Nevertheless, the night belonged to Karel Cruz and Lindsi Dec, who sizzled as Espada and Mercedes. The two are married in real life, so their chemistry is accompanied by real trust (catch them as Basilio and Kitri on Sunday, February 8, at 7PM). Cruz commanded undivided attention with every entrance, and Dec carried herself like a queen. They are both quite tall, and their combination of height and stage presence made them right at home under the set’s endless sky. Cruz also knows how to handle a cape; he and his corps of Toreros swirled their brightly colored capes in perfect unison—one of the ballet’s giddiest moments of delight.
The weakest link in the production isn’t one easily done away with. Don Quixote is not the ballet to take your music-loving friend to, with the promise that they can close their eyes and pretend it’s the symphony if they get bored. Minkus is a far cry from Tchaikovsky or Prokofiev, or even Délibes or Adam, who wrote lovely scores even before ballet music was a thing to be taken seriously. Minkus’ score is heavy on repetition and light on substance. The dance sections are pleasant and sound fun to dance to, but the exposition scenes become tedious after the first act. By Act III, everything, with the exception of the Grand Pas, sounds too familiar. Still, the PNB Orchestra, conducted by Emil de Cou, played marvelously, imbuing the music with life from start to finish. The PNB Orchestra, now playing its 25th anniversary season, is a large part of what makes going to the ballet a cultural outing with such broad appeal: each production is a dance performance and a music concert.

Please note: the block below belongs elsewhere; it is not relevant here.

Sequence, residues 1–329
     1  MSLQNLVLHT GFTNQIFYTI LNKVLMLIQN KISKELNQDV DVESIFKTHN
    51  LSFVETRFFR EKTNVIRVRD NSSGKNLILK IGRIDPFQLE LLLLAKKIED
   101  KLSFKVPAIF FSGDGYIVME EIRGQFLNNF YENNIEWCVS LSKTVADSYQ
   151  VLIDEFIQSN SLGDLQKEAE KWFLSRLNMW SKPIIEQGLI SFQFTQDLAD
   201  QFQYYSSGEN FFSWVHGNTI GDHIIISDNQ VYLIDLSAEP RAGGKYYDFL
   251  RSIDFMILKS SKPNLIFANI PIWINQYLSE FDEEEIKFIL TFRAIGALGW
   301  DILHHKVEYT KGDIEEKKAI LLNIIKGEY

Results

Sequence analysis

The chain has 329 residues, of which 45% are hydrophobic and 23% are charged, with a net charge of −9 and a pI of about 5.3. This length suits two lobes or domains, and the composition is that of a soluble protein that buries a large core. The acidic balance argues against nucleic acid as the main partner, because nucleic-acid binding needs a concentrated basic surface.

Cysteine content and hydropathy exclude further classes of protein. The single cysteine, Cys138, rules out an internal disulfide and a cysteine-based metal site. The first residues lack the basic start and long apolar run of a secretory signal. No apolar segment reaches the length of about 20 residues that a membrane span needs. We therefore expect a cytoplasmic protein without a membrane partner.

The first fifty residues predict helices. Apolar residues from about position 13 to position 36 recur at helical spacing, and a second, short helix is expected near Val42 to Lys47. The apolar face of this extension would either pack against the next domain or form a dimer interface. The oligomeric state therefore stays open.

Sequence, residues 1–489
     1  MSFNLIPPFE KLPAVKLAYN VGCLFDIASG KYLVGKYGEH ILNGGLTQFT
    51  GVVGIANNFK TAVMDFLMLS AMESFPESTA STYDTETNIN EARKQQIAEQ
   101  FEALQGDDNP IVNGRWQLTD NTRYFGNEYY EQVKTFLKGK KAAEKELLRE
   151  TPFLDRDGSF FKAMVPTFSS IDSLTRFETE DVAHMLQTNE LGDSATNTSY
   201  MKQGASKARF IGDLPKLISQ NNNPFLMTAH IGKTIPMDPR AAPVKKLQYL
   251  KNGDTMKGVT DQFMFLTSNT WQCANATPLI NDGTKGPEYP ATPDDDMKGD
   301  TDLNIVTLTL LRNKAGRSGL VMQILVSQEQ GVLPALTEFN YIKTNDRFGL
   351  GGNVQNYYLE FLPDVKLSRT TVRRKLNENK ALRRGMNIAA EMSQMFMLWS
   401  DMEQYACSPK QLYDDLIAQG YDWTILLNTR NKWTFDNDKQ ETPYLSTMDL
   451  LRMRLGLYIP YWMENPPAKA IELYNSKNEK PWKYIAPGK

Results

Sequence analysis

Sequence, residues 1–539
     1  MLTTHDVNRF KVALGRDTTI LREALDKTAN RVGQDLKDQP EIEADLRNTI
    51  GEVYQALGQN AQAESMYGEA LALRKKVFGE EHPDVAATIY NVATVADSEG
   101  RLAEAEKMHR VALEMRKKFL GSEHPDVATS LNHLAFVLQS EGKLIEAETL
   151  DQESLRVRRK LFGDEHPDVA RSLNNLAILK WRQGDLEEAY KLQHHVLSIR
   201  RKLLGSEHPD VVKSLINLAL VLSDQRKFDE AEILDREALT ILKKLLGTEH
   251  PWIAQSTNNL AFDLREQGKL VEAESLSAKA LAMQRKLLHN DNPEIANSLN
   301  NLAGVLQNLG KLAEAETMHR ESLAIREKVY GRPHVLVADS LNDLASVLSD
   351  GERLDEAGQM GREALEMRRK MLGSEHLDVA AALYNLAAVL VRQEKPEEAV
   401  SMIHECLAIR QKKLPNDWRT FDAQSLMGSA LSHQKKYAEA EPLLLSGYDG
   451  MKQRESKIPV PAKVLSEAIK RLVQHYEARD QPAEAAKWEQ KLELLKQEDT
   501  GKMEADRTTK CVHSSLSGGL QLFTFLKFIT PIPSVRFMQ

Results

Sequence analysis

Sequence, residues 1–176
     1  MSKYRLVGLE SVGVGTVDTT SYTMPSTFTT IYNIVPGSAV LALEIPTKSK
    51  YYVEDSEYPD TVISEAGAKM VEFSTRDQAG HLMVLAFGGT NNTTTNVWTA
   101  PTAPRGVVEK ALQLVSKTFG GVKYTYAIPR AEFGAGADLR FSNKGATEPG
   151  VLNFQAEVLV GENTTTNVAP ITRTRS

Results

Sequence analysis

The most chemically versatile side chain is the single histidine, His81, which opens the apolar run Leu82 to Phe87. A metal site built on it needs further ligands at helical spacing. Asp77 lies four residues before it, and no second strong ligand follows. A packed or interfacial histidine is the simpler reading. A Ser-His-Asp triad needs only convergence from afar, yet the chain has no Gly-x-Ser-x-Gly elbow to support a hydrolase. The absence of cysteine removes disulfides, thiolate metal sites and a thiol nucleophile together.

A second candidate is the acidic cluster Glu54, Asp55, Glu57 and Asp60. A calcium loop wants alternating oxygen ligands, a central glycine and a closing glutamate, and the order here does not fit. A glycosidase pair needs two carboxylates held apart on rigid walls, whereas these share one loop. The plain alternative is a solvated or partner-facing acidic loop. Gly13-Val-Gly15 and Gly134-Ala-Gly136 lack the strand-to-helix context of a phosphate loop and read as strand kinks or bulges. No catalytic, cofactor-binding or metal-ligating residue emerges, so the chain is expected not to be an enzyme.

The ballet as a whole is strongest in Act I, when everything is fresh. The music is still charming, the story has yet to unfold along its contrived twists and turns, and a full cast of dancers and actors revel in physical comedy interspersed with stellar dancing. The ensemble of Sequidillas and Toreros (along with the adorable street children) carry the ballet with enthusiasm as well as a corps de ballet’s skill of working together. A few later moments recall the energy of the first act—particularly Basilio’s fake death scene in Act III—but it’s hard to beat the standard set by Act I. However, Jérôme Kaplan’s sets and costumes ensure the ballet is a visual feast from start to finish. The imposing stone interiors of Don Quixote’s study and the tavern opened out to become a Barcelona square backed by a radiant sky. Everyone was brightly clad, but Kitri’s red dress stood out for its perfect simplicity and pure, rich hue. The dream sequence (led by a gracious Lesley Rausch as Queen of the Dryads) featured an otherworldly glade with Grecian-attired ballerinas.
A final word about the lighting. James F. Ingalls filled the stage with lighting that seemed to come from the heavens themselves. Act I blazed with a noon sun, Act II with the moon, Act III with a sunset fit for Don Quixote and Sancho Panza’s final ride. Need a break from the Seattle rain? Top-notch dancing, excellent comedy, and a sun-drenched locale make Don Quixote the perfect winter getaway ballet.
Pacific Northwest Ballet’s Don Quixote continues February 4-8, 2015, at McCaw Hall. Tickets and more information at PNB.org.